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2017 Point Standings
After Sonoma
Rank Driver Points

1 Josef Newgarden 642
2 Simon Pagenaud 629
3 Scott Dixon 621
4 Helio Castroneves 598
5 Will Power 562
6 Graham Rahal 522
7 Alexander Rossi 494
8 Takuma Sato 441
9 Ryan Hunter-Reay 421
10 Tony Kanaan 403
11 Max Chilton 396
12 Marco Andretti 388
13 James Hinchcliffe 376
14 Ed Jones 354
15 JR Hildebrand 347
16 Carlos Munoz 328
17 Charlie Kimball 327
18 Conor Daly 305
19 Mikhail Aleshin 237
20 Spencer Pigot 218
21 Sebastien Bourdais 214
22 Ed Carpenter 169
23 Gabby Chaves 98
24 Juan Pablo Montoya 93
25 Esteban Gutierrez 91
26 Sebastian Saavedra 80
27 Oriol Servia 61
28 Jack Harvey 57
29 Fernando Alonso 47
30 Pippa Mann 32
31 Zachary Claman DeMelo 26
32 Jay Howard 24
33 Zach Veach 23
34 Sage Karam 23
35 James Davison 21
36 Tristan Vautier 15
37 Buddy Lazier 14

Rookie of Year Standings
1. Ed Jones 354
2. Esteban Gutierrez 91
3. Jack Harvey 57
4. Fernando Alonso 47
5. Zach Veach 23

Manufacturer Standings
1. Chevy 1489
2. Honda 1326

Super Cup Ansel's Tire Super 50 Review

by Stephen Cox
Tuesday, June 19, 2012

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Stephen Cox
If you were hoping for a wild victory celebration in this column, well… so was I. But the Pack Motorsports/Boschett Timepieces/McGunegill Engines Special had a lousy night at Motordrome Speedway in Pennsylvania this past weekend despite the best efforts of my fantastic crew. We’ll get to that in a minute.

I have a quick story for you first.

Did you ever wonder why so many racecars were called “Specials?” Louis Meyer, for instance, drove the Bowes Seal Fast Special. Mauri Rose won the Indy 500 in the Blue Crown Spark Plug Special. The term “special” is an earmark for many classic American racecars.

Here’s how the term originated:

In the early 20th century, racecars were simply passenger cars. Manufacturers frequently raced their products with no alterations whatsoever. 

As time went on, manufacturers and race teams would outfit these passenger cars with bigger engines and high performance gear to make them go faster. In doing so, the products that race fans saw on the track became less and less like the passenger cars they could actually buy off the showroom floor.

Eventually, it became apparent that some sort of notation was necessary to distinguish the common passenger cars from the racing hot rods that bore the same company name. So manufacturers adopted the “special” moniker.

The public accepted that the Marmon “Special” or the Delage “Special” was not expected to be generally available for purchase. It was, after all, a “special” edition of the company’s car.

Over time, the name “special” was applied to virtually any racecar and company names were replaced by sponsor names. Hence, the “Noc-Out Hose Clamp Special” that won Indianapolis in 1941.

I love cars that are named “Specials.” It’s classy. It’s old fashioned.

Since the paint scheme on my car this season is specifically designed as a tribute to the great racecars of the late 60’s and early 70’s, I thought it only proper to name it the “Pack Motorsports/Boschett Timepieces/McGunegill Engines Special.”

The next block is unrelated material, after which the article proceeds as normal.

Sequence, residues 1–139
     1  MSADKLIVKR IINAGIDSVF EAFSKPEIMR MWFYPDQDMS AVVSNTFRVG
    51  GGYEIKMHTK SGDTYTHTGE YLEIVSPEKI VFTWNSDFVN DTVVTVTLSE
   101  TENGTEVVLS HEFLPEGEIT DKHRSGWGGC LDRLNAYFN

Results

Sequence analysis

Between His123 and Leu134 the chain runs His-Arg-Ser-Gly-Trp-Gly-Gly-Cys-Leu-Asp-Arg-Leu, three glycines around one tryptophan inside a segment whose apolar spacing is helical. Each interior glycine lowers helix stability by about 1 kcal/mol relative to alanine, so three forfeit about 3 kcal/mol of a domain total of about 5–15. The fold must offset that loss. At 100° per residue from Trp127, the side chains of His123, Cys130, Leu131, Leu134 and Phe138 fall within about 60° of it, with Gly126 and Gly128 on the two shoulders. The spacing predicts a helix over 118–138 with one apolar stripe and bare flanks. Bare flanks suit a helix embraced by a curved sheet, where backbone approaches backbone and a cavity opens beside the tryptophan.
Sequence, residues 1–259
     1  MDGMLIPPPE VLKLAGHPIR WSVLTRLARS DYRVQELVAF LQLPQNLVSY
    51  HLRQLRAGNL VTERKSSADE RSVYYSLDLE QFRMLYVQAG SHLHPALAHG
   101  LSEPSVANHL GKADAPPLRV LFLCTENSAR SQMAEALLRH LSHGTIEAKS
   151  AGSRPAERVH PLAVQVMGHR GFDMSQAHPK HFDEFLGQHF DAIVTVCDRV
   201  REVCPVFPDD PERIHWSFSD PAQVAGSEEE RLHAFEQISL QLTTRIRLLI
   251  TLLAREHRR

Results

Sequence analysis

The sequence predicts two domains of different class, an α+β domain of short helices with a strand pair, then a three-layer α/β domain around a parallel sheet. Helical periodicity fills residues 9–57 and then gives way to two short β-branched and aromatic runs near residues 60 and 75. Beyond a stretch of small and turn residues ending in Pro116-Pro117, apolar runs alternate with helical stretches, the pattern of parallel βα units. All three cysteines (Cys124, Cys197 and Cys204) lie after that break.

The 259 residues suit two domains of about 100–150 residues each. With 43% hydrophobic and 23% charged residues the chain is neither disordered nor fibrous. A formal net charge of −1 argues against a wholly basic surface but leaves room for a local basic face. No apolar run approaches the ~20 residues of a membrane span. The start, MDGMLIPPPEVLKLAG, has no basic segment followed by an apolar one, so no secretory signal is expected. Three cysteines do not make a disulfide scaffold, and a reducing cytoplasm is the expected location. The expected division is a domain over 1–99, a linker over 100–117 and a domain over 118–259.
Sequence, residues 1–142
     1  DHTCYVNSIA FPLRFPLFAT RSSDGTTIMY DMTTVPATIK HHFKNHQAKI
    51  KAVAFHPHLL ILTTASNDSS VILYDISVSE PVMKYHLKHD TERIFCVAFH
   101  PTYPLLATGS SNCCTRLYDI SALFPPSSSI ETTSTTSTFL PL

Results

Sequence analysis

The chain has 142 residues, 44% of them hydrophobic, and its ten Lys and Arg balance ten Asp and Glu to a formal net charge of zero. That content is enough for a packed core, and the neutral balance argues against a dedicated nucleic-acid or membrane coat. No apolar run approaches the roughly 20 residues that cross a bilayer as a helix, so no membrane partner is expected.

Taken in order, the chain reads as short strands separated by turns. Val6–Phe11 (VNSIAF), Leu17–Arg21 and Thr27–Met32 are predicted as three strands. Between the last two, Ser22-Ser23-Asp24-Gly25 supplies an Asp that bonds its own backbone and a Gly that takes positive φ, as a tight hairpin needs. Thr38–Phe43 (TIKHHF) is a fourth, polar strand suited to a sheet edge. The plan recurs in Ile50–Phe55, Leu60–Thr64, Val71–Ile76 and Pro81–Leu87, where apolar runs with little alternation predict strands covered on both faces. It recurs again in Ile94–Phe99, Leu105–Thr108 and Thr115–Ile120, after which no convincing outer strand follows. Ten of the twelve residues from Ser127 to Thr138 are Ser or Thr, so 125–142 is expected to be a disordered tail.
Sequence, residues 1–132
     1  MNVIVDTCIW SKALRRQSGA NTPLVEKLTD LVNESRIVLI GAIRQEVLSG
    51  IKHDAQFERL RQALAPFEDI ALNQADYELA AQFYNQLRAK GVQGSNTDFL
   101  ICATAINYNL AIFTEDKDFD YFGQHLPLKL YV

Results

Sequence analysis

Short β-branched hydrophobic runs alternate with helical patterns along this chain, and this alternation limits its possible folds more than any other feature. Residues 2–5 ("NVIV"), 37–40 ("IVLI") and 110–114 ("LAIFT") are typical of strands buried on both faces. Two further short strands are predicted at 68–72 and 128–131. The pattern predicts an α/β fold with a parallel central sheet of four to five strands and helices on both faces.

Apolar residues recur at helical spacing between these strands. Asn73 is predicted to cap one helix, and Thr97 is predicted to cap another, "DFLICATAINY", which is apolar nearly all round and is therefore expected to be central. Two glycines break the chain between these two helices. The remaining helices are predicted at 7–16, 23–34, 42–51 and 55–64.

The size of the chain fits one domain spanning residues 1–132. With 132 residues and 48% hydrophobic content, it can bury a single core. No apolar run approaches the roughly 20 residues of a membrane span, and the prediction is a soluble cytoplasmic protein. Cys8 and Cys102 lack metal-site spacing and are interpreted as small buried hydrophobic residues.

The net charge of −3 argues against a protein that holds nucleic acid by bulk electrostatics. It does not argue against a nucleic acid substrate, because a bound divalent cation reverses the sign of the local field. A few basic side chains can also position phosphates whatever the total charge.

I think Roger Ward would be proud.

That's me in the Super Cup Stock race at Motordrome Speedway
But I don’t think he would have liked my performance last weekend at Motordrome Speedway. I’ve got the best team in the Super Cup Stock Car Series and we expect to be at or near the front every night.

The car was quick off the trailer. We thought we were in the top five throughout practice but we knew we weren’t quite fast enough to win. So my crew chief, J. J. Pack, engineered several changes.

The shocks were swapped, the right rear spring was changed, and the crew hustled to put a new gear in just before qualifications all to no avail. The crew put in a magnificent effort but we just couldn’t find any more speed.

I went out for my two-lap qualifying run with my usual mindset – log an average lap on my first try, and then hang everything out on the second lap and go for broke. I usually qualify reasonably well, but on the second lap I tried a little too hard.

The car got loose between Turns 1 and 2. Instead of gathering it up and accepting a slight improvement over my first lap’s time, I decided to ride the car sideways out of the corner and try for a super hot lap.

It backfired. The car nearly slid out and I barely saved it.

Oops. Now we had to race from 12th position, my worst qualifying effort of the season.

I moved up a few positions in the race but never had anything for the leaders at all. Kevin Kromer, Jimmie Crabtree and Jody Harrison showed why they’re short track stars. They just smoked me.

My car was tight in the center of the turns and we simply didn’t have the speed to catch anyone. We ended up in 9th place at the end of the night and our championship hopes took a real blow.

However, I guess I should look on the bright side… even on our worst nights we’re still a top ten team.

We have a few weeks off before racing at Virginia’s Old Dominion Speedway on July 14th. In the meantime I’m looking forward to meeting up with some good friends at Mid-Ohio Sports Car Course next week for the SVRA’s Vintage Grand Prix. Maybe that will help me stop thinking about my dismal performance on the oval last weekend.

Hope to see you there.

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